Top Starting Arms In The Mountain West

MWC not known for pitching but has some good arms

Top Starting Arms In The Mountain West

Air Force

Top Starting Arms In The Mountain West

Aces of the Mountain West Conference

It’s the end of the regular season and I thought it would be nice to throw some tips of the cap for some outstanding players in the MWC. You know me and pitching; it always starts there so that’s where I’m starting. Starters. Get it? As you read on below some will wonder why no one from New Mexico is included. I feel Coach Birmingham’s glare on my neck as I write this but, I think he would grudgingly agree no starter in his rotation deserved to be on the list. The team ERA was 6.62 and the starters were about there or worse. Cody Dye was probably the team’s ace and I argued with myself about him but I just couldn’t do it. Anyway, three arms caught my attention through the year. Edgar Gonzalez for his outstanding numbers as he lived up to his rep. Jake Jackson as the freshman Pitcher of the Year possibility. Andrew Mitchel who led a sad San Jose State team to respectability and maybe more. So, that’s my list.

Jake Jackson photo credit John Byrne

Jake Jackson, FR, RHP, Nevada

He started out like a ball of fire but cooled down later in the season. He still ended up 8-3 and 4.83 in 82 IP. The Ip was second on the team which is still quite a bit for a freshman. He had 76 Ks which was just short of 20 more than the runner up on the team; Mark Nowaczewski. The thing I really like about Jake is the low number of walks he gave up (19) while still striking out a bunch. That’s a great combo. Just think, two more years of him on the mound as he could be gone to the MLB draft after his junior year. Possible frontrunner for POY next season.

Garrett Hill, JR, RHP, San Diego State

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Both the Aztecs and the Wolf Pack (above) had stellar starting pitching which explains a lot if you ask me. The team ERA was 3.98 and anything below 4.00 in college is just fine. Garrett was 7-2 and 3.78 in 69 IP with 67 Ks. He led the staff in IP and Ks followed closely by Harrison Pyatt in both categories. Yeah, I know, who do you choose; Johnny Cueto or Madison Bumgarner?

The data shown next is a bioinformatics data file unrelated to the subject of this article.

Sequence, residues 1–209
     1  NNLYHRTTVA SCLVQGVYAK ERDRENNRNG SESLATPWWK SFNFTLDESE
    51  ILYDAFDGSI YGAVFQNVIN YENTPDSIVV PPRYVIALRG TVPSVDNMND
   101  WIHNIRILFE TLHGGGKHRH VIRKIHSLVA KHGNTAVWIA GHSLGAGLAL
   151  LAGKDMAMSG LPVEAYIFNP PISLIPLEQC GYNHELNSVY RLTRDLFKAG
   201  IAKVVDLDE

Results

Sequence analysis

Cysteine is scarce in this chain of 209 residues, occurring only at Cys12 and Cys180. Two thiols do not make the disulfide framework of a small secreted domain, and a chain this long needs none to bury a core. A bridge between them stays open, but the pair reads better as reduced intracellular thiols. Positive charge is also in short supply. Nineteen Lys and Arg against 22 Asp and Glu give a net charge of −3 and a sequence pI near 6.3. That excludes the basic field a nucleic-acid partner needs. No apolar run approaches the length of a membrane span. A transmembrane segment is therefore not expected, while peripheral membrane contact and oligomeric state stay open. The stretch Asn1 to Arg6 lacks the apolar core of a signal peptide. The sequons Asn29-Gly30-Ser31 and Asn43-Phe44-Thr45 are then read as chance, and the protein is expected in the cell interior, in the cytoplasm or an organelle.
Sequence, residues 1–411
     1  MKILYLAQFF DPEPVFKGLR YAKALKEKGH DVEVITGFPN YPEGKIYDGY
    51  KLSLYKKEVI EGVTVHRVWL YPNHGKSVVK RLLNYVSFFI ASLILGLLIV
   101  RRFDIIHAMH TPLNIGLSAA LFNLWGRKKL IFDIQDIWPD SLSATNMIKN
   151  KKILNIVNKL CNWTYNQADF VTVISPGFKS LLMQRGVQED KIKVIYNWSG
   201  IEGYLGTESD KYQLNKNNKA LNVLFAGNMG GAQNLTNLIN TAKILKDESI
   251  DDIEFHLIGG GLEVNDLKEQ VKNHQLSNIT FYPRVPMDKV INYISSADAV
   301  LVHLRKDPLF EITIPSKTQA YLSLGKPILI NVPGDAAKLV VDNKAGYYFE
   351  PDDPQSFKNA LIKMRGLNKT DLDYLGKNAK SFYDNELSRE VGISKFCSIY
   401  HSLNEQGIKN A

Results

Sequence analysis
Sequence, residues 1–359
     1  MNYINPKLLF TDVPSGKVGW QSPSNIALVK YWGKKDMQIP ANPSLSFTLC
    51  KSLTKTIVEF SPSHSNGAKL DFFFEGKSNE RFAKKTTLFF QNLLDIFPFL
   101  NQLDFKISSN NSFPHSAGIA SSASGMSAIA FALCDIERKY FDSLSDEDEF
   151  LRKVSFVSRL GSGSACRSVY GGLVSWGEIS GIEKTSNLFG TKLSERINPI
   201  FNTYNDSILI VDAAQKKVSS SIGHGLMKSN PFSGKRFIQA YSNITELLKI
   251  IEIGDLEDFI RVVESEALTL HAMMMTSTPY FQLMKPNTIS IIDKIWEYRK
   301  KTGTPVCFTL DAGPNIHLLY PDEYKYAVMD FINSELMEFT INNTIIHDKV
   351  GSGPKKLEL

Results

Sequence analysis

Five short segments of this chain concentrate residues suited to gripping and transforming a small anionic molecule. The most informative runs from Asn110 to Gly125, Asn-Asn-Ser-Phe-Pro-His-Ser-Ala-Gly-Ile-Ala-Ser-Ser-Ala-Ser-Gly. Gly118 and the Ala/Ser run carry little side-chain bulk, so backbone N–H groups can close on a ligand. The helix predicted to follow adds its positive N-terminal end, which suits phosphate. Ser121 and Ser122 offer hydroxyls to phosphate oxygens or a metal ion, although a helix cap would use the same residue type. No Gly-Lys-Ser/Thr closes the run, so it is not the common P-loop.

Andrew Mitchel photo credit Kym Fortino

Andrew Mitchel, JR, LHP, San Jose State

If one guy could be pointed to that might have been responsible for the remarkable turn around by the Spartans second half surge, it would be Andrew. He finished the season 6-1 and 3.79 in 80 IP with 92 Ks. He led the team in those categories by so much there is no comparison. He basically came out of nowhere to take over as the top starter and never looked back. I suspect he will be drafted and sign. You’ve heard me before. If you are a junior and are drafted in a round lower than 10, play at the college level one more year. I agree many things go wrong, you may not have a good year, and you have lost the junior year leverage but, but that’s how I feel. 

Alan Strong photo credit UNLV Athletics

Alan Strong, SR, RHP, UNLV

He had 14 starts which resulted in a record of 7-3 and 3.96. He pitched in 84 innings and had 79 Ks both of which led the team. No surprise there. The Rebels came out of the gate way back in February looking like they might have a single loss on the season. They cooled off and, surprising to me, ended up with a losing conference record. No fault to Alan’s efforts, however. He had a great year on a team that surprised many.

Edgar Gonzalez photo credit Keith Kountz

Edgar Gonzalez, JR, RHP, Fresno State

He’s probably the premier pitcher in the Mountain West and was viewed as such before the season even started. He’s a sure bet to be POY based on the following stats:  He was 8-2 and 2.84 in 95 IP with 110 Ks and a WHIP a tad over 1.00. Hard to argue any of that, especially those Ks. High strike outs are eye candy for scouts which also probably means he’s gone once the draft happens.

 

Ryan Holloway photo credit Air Force Academy Athletics

Ryan Holloway, SR, LHP, Air Force

I saw Ryan pitch against San Jose State at the one game I attended this year and he threw a bunch of ground balls. That’s how you survive at the wind tunnel which this program calls home. Scouts love pitcher who either strike out a lot or throw ground balls. He was 3-5 and 4.20 for a team that didn’t do that well as they lost a ton of talent from last year’s team. He also didn’t lead the staff in IP, Ks, or overall record. He was 3-5 and 4.20 in 60 IP with 47 Ks. So why did I include him here? His ERA of 4.20 was a run and a half better than the other starters on the team and would be pretty good on a team that played its home games in a pitcher friendly park. That’s why.

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